For a superhero film the acting is mostly top-notch; the actors take their roles as disillusioned crime fighters seriously and it shows. Jackie Earle Haley’s Rorschach stands out as the films most accomplished character, seemingly channelling Travis Bickle by way of Batman in a ruthless yet emotionally layered performance. Patrick Wilson does a surprisingly good Daniel Dreiberg, it’s hard to imagine anyone other than Jeffrey Dean Morgan playing The Comedian and Billy Crudup also shines as the cold hearted Dr Manhattan. The cast is, however, let down by thoroughly unconvincing and cheesy turns by both Matthew Goode and Malin Åkerman (playing Adrian Veidt and Laurie Juspeczyk respectively).

The screenwriters have also, amazingly, managed to trim down the weighty graphic novel into a convincingly digestible two hours and a half with most of the main themes intact. The film is edited well enough via multiple flashbacks so that almost all of the main narrative from the source material is present with few notable exceptions (The Black Freighter and newsstand sections are regrettably neglected). Yes, the ending has been changed, but perhaps for the better. A sub-plot about a giant squid wouldn’t have fit the films tone, or been so readily accepted by audiences for that matter. The thematic concerns about 1980s Cold-war politics, the questionable stance of the vigilante in modern society and the deconstruction of the superhero are all well dealt with, and help elevate the film to something more than a bunch of middle aged costumed heroes punching each other to death.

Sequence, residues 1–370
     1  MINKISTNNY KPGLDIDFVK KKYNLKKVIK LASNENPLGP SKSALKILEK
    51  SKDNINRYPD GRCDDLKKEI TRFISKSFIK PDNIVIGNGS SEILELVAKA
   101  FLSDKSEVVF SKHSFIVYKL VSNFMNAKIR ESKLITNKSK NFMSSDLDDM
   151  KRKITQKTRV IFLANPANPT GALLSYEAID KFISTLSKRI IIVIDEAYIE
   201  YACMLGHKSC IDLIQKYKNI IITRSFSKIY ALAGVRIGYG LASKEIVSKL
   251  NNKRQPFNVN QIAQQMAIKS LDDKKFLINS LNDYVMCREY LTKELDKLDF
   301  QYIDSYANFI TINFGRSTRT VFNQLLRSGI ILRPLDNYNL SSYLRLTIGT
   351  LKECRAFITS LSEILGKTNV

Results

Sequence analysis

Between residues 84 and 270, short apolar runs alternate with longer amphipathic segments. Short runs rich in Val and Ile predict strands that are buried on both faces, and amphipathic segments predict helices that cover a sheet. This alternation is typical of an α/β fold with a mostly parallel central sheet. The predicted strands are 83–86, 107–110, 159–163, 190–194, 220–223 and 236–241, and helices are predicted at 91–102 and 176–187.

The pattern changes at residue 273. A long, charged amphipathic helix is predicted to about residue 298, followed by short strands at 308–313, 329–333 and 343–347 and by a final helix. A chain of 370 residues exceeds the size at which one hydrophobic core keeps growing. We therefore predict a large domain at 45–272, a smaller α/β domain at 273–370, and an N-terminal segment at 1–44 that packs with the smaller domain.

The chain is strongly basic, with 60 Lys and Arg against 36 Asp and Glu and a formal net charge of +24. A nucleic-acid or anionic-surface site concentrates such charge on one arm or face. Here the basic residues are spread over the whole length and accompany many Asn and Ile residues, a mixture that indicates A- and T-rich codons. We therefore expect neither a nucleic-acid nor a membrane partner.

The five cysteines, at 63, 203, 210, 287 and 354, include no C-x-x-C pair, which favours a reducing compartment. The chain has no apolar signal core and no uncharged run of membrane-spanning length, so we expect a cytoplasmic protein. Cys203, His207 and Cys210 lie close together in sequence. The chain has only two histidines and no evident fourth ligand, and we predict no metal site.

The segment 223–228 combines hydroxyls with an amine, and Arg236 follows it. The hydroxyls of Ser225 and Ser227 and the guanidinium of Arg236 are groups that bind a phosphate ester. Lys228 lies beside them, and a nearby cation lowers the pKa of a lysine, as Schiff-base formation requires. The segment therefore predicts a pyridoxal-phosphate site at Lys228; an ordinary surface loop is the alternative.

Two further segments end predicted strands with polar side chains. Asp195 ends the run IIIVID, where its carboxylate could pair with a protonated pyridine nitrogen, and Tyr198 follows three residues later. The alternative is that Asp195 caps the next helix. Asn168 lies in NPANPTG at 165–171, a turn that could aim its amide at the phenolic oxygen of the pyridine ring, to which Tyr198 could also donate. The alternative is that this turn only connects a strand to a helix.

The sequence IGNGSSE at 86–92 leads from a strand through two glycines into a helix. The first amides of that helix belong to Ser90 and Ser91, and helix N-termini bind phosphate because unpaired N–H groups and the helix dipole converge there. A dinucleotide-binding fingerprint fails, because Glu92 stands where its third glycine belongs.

However, the aforementioned faithful nature of Snyder’s adaptation is also one of the films biggest failings. The simple fact is that some things work in comics but don’t work in cinema. In attempting to stay loyal to the fans, Snyder ends up deconstructing the serious tone which he has worked so hard to maintain throughout the film. Several key scenes spring to mind such as Laurie walking in on Daniel standing naked, staring at his costume or the inclusion of Adrian’s frankly ridiculous looking mutated pet tiger. These and other moments such as the apartment block fire rescue simply do not ring true when placed in a film and if anything were simply laughable. Conversely some moments (Nite Owl II’s Revenge of the Sith Darth Vader impression) or interpretations of sequences (that sex scene) that were not present in the original comic were so cringe-worthy I felt embarrassed for even recommending the film to people.

Other, unrelated, problems are also present in the film. Snyder’s over-reliance on ‘racking’ is often distracting, repetitive and in some cases, downright inappropriate (the attempted rape scene). The film-makers also seem so keen to remind you that it’s the 1980s that several pieces of popular music from the era are implemented at often odd or jarring times throughout the film when it’s already abundantly clear to any cinemagoer which decade it’s set in. These faults and others previously mentioned severely hurt the film as a whole. In the end, watching Watchmen ultimately becomes a frustrating experience as these faults prevent it from obtaining the level of artistry it comes so close to achieving.

Final Verdict: 6/10